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Protocols for taking care of living things in my absense

by Eva Amsen

Please follow these detailed protocols to take care of the living things I left behind.

Protocol 1 – The Cat

  1. Refresh water daily
  2. Add dry food and wet food to bowls. (If wet food is untouched, just skip that for a day – it’ll be fine.)
  3. Clean litter box three times a week and add some fresh litter.
  4. Cat is probably behind the couch or underneath the coffee table or behind a curtain or on the bookshelf or in or underneath the bathroom cabinet. Please locate cat to make sure she isn’t accidentally locked in somewhere before you leave.

 

Protocol 2 – The Cells

  1. Refresh medium twice a week
  2. Add PMA to medium before use. (If cells look weird in between, just add more PMA – it’ll be fine.)
  3. Split cells once a week to a new flask in fresh medium.
  4. Cells are in the bottom left incubator, medium is in the fridge. Please ask someone if you can’t find anything.

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8 comments

Richard P. Grant July 25, 2008 - 5:08 AM Reply
Bob O'Hara July 25, 2008 - 5:14 AM

Wouldn’t it be easier to just feed the cells to the cat? Or _vice versa_ I suppose, but we don’t like to think such things.

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Eva Amsen July 25, 2008 - 5:17 AM

But I still need the cells after I get back! (And the cat!)

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Mark Tummers July 25, 2008 - 5:27 AM

I went on a holiday once and asked my lab mate to take care of my tissues which I was growing in culture. In fact I was too lazy to stop the cultures, because then I still had to process them.
We had the tendency to refresh the medium at least every other two days. My lab mate wasn’t the most reliable person in this matter, and she did it twice a week at the most.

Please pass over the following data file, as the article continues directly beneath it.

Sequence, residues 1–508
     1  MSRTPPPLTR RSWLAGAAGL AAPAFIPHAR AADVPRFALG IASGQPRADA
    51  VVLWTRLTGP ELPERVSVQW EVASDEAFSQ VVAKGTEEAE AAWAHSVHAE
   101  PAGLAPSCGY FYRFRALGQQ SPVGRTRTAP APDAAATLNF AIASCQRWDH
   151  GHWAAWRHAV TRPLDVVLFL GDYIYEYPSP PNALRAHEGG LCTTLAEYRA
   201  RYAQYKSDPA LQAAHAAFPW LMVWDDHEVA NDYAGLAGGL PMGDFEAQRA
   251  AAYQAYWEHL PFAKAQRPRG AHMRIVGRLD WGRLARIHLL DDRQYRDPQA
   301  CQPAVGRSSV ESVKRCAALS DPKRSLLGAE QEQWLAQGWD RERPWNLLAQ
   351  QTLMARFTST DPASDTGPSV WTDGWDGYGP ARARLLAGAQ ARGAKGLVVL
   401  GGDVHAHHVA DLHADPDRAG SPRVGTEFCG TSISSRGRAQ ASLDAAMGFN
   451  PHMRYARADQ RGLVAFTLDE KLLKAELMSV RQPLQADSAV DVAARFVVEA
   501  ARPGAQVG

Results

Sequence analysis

And to my surprise the tissues were still alive after a 3 week holiday, even with the non-standard treatment laid-back attitude. And it turned out you could grow them for up to 6 weeks in culture with rather standard medium.
Moral of the story:
It pays to be _lazy_ and _sloppy_.

Reply
Eva Amsen July 25, 2008 - 5:34 AM

These cells are actually not for my own experiments, but for experiments I’m doing for another lab, and that student is going to take care of them. I’m sure he’s motivated enough to keep them alive (more than I am myself – not my project anyway) but I only have one day to teach him mammalian tissue culture, and I’m not entirely confident I won’t leave out any Important Details (or accidentally give him the cat protocol instead)

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Eva Amsen July 25, 2008 - 5:41 AM

@Richard Ha, funny list =) I’m sure some people out there do have frozen stocks in case things go wrong with their kids. (At least, within the margins of ethics and sanity, there is frozen cord blood, that’s getting pretty popular. It’s not an entire new kid, but they can make new bone marrow for the existing kid!)

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Cath Ennis July 25, 2008 - 6:33 PM

During my first ever research experience (mid 90s) I told my flatmates that I had to go into the lab on a Saturday “to feed my cells”.
“What, like a tamagotchi?” came the puzzled reply.

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Anna Kushnir July 25, 2008 - 7:29 PM

Eva, this is so on point that it’s scary. I could never go anywhere without having someone take care of my cells! Things were even more complicated when it came to my mice (lab mice, not home mice. The latter were fine without me). I always felt so anxious leaving cells/mice in others’ hands – I didn’t trust anyone to do things for me, just the way I wanted them done. I had to trust the results because I had no choice obviously, but I wasn’t happy about it. I was the same way with reagents and constructs given to me by others – sequence, re-make, re-pH, whatever. I don’t think trust is necessarily a virtue in the lab, nor is OCD a fault.

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